Mr. Staunton: I refer to the statement made by the Leader of the House concerning his perception of the function of the Seanad. He spoke in an ex cathedra fashion and since he put some very profound words on the record I would like to add one or two. I do not entirely agree with him. I take his point that this is a legislative assembly. That may well be our primary function but that is not the totality of the Seanad. The totality of the Seanad is the various functions in which we are engaged which include the Order of Business, motions, debates, and matters on the Adjournment. I do not think we should get carried away with the notion that merely because we are one of the Houses of the Oireachtas concerned with the enactment of legislation we should put other areas of activity into a peripheral role.
I support the call by Senator Manning  for an urgent debate in this House on Northern Ireland. Also, given the present situation in Brussels, a debate on agriculture is extremely compelling and pertinent at this time.
Mr. Costello: I support the call for a debate on agriculture and on Northern Ireland. There was a debate on agriculture in the past but there has not been one on Northern Ireland. I would like to add to that a request for a debate on prisons. These are areas that have been raised with the Leader of the House. He has indicated his intention of having a debate on Northern Ireland and prisons and I would like him to give us some indication as to when he thinks both of those areas will be addressed.
Those are medium-term urgent debates but there are the specific areas of topicality in the context of what the Leader said. Three were raised here today; the closure of 550 post offices and the effect that may have on the rural population; the question of the bread war and the question of the horrendous developments in the Gulf War. We have an obligation to discuss these issues. I do not think the Leader of the House can come in and say that it is not the function of the Seanad to deal with day-to-day, topical, current issues, otherwise it would be a mirror image of the Dáil. That is not the way we should be going forward.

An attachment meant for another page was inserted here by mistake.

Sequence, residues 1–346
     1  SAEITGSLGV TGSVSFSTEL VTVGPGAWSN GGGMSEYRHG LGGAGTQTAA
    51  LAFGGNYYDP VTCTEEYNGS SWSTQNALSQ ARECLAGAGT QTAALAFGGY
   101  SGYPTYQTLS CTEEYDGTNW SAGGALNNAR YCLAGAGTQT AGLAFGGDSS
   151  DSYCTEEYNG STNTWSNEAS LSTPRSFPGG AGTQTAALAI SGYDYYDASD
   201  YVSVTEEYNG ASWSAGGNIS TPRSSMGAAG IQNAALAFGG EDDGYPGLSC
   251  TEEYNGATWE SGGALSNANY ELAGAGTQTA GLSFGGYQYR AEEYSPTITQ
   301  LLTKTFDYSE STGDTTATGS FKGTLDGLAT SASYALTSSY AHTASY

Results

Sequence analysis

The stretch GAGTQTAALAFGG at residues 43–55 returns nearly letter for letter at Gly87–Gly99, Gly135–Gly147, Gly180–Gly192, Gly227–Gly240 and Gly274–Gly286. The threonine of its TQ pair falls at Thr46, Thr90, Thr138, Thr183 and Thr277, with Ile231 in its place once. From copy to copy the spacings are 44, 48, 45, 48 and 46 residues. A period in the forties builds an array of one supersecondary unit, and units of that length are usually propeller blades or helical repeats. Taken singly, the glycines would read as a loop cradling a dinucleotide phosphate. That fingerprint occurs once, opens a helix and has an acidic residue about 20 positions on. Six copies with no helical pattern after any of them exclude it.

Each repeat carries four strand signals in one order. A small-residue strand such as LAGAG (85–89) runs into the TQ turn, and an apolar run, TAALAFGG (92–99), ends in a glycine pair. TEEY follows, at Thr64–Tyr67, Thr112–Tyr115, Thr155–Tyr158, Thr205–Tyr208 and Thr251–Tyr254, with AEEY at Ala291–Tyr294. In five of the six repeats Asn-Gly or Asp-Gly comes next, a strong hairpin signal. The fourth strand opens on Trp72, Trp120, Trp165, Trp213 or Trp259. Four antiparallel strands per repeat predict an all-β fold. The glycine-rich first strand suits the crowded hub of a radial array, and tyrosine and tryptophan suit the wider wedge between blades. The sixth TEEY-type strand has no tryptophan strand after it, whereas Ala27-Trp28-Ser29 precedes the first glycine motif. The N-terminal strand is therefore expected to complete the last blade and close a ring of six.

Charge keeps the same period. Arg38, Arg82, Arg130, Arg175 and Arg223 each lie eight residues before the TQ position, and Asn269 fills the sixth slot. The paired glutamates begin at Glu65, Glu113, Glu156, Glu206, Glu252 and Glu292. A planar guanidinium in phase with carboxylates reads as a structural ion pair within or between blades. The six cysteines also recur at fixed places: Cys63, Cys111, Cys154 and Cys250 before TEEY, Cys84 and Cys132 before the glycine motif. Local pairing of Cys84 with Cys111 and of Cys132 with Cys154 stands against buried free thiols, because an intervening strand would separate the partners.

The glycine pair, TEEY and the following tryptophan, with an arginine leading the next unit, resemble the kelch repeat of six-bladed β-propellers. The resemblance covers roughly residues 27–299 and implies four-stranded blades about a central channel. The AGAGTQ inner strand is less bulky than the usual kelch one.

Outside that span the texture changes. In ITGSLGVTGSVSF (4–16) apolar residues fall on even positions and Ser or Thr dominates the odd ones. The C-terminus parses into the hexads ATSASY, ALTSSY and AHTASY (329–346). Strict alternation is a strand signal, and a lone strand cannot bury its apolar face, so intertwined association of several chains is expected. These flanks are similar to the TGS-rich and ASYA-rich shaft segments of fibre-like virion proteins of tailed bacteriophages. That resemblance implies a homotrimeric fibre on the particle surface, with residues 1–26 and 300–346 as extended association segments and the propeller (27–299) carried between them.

I admire and appreciate the work the Leader of the House has done in terms of initiating major legislation in this House but he will have to give more thought to the area of current issues and affairs. There is a major role for this House to play but it cannot be done within the terms indicated by the Cathaoirleach, namely, Standing Order 29, the Adjournment or Private Members' time. They are not for urgent matters and I am not aware of a single matter which was dealt with under Standing Order 29 since I came into the House. Perhaps the Whips, the Leader of the House, the Cathaoirleach and the Committee on Procedure and Privileges, if that is the appropriate body, need to  address this. There is a need for somebody to look at the structures to ensure that this important area which takes up time on the Order of Business has a particular slot in which it can be dealt with.
Mrs. Jackman: In view of the NUI decision recently to break up its constituent colleges structure and confer independence on its four universities and the Minister for Education's promise to bring forward the necessary legislation, I ask the Leader of the House if he could convey the view to the Minister for Education that when she is doing that she should take the opportunity to confer the additional Seanad votes on the two universities and other appropriate colleges. For the past 15 months I have constantly raised this issue and it is frustrating to be told that when it went to the Committee on Procedure and Privileges the feedback was that it was not the business of the Committee on Procedure and Privileges but of the Seanad. It came back to us as the business of the Seanad and I have heard nothing since.
Mrs. Jackman: If there were we would all be assigned to asylums at this stage because of the level of frustration and stress. I consider this to be the business of the Seanad and I have yet to get a satisfactory answer. Students and graduates of the universities will take to the streets one of these days. They feel they are being discriminated against and cannot vote. I would like an immediate answer to that question from the Leader of the House.